Getting the schemes pitch right
The best ways to build a lasting partnership
Schemes are a win for insurer and broker alike. They help insurers access new markets and distribution as well as tapping into brokers’ market- and segment-specific expertise. Schemes allow brokers to demonstrate deeper expertise about a sector and offer a proposition tailored to client needs – all at a time when options for cover can be more expensive and limited.
All of that begins with the right pitch. Brokers set themselves up for success by researching their idea from multiple angles, presenting it professionally, and anticipating challenges.
“We love to see that the brokers have done their homework,” said Jonathan Forster, SME Distribution Director at Travelers Europe. “They should know about the sector, the size and value of the market, how many companies there are and by size, what changes are happening in the sector, and the budget they have for marketing and development. Insurers want to partner with experts and brokers that have built up some experience in the sector or who plan to invest in it, for example, by bringing in new staff who have the necessary knowledge and capabilities.”
The best pitches support those elements with realistic figures. Brokers should ideally have their own numbers or prospective numbers about a scheme’s performance and market potential – and provide commentary about why performance is what it is. Trade associations, marketing experts and other specialists can provide additional data, as well as context about a scheme’s position and potential in the market.
Schemes draw on the strengths of the partners involved, so a schemes pitch should identify how an insurer can provide support. It helps when brokers understand what they’re seeking in an insurance product and mention unique coverages that should be included.
That requires research up front, so starting the process early is important. “If a broker is serious about either moving a scheme or developing a new idea, they should approach an insurer 6-8 months in advance, so they have time to engage with a few insurers,” Forster said. “This gives us reassurance that they are looking for a provider they can work with over a period of time.”
Scheme ideas fall into three categories – existing schemes, portfolio consolidations and new schemes. Knowing the nuances of each can help a broker prepare a more focused pitch.
An existing scheme has typically been with another carrier for several years, but the broker now wants to move it to a new carrier. A range of scenarios could trigger the desire to move: a decline in profitability, differences of opinion about the future of the scheme, poor service from the carrier, or an increase in insurance prices. Because moving and setting up a scheme with a new insurer can be costly, a broker should be prepared to discuss how having a new carrier would improve their situation. According to Forster, “It’s important to be open and honest about what is making you leave your insurer – and demonstrate why you believe this new partnership would be the best way forward.”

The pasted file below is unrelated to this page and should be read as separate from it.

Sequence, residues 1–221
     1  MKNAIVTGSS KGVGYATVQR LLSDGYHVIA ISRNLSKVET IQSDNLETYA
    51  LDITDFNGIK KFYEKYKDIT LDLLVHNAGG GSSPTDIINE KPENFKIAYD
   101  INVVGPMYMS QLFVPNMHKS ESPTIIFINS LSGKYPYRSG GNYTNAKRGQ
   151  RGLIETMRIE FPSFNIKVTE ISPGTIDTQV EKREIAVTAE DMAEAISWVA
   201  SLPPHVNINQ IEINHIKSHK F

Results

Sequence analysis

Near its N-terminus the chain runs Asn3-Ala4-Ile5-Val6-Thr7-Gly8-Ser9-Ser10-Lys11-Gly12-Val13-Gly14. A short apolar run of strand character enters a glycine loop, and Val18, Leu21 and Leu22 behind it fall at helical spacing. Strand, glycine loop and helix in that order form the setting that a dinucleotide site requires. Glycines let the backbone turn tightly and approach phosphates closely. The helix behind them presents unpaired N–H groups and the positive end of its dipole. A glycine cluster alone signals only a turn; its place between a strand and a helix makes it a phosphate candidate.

A portfolio consolidation scheme presents an opportunity to expand a strong but small book of business within a sector. Perhaps a broker with 30 clients in the auto repair business wants to triple their number of client shops. Forster notes, “They may already have an account executive who has a lot of expertise about the sector, so they understand the market, and now they want to recruit an additional person and become part of a trade association.” Finding a new carrier can help support their desired growth.
Finally, a broker may approach an insurer with a new scheme idea. Here, it’s important for the broker to paint a realistic picture of the prospects for the scheme. Presenting related historical data helps, but even in the absence of it, a broker can consult experts and trade associations to better understand the viability of the idea. Without that due diligence, a broker may underestimate the costs of developing an idea and overestimate the likely market response – a red flag for an insurer screening a new concept.
Finding the right fit
The best schemes elevate the complementary strengths of those involved. So, while it helps the broker to have a clear, well-researched end result in mind for their scheme, it’s also important to be willing to be flexible about its implementation. The stronger the pitch, the more willing an insurer will be to volunteer its resources to fine-tune a promising concept.
“We have expertise here to help support and shape the plan with the broker,” Forster comments. “That includes reviewing the wordings, designing the product, identifying the right coverages, and talking about marketing. By being open to that, they give us an indication they want to invest in a long-term partnership – and that is good for everyone involved.”
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Authored by Travelers
We wrote the first auto insurance, the first aircraft liability insurance, and even the first personal accident cover for astronauts.
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The Travelers Companies, Inc. (“TRV”) is a leading provider of property liability insurance for motor, home and business. The Group has more than 30,000 employees and operations in the United States, Canada, UK and Ireland.
The group has total assets of approximately $110 billion, shareholders’ equity of $26 billion and total revenue of $32 billion, as of December 31, 2019. Our European based operations offer our customers a wide range of coverage through Travelers Insurance Company Limited, Travelers Syndicate Management Limited (Syndicate 5000 at Lloyd’s), Travelers Underwriting Agency Limited and Travelers Insurance Designated Activity Company.
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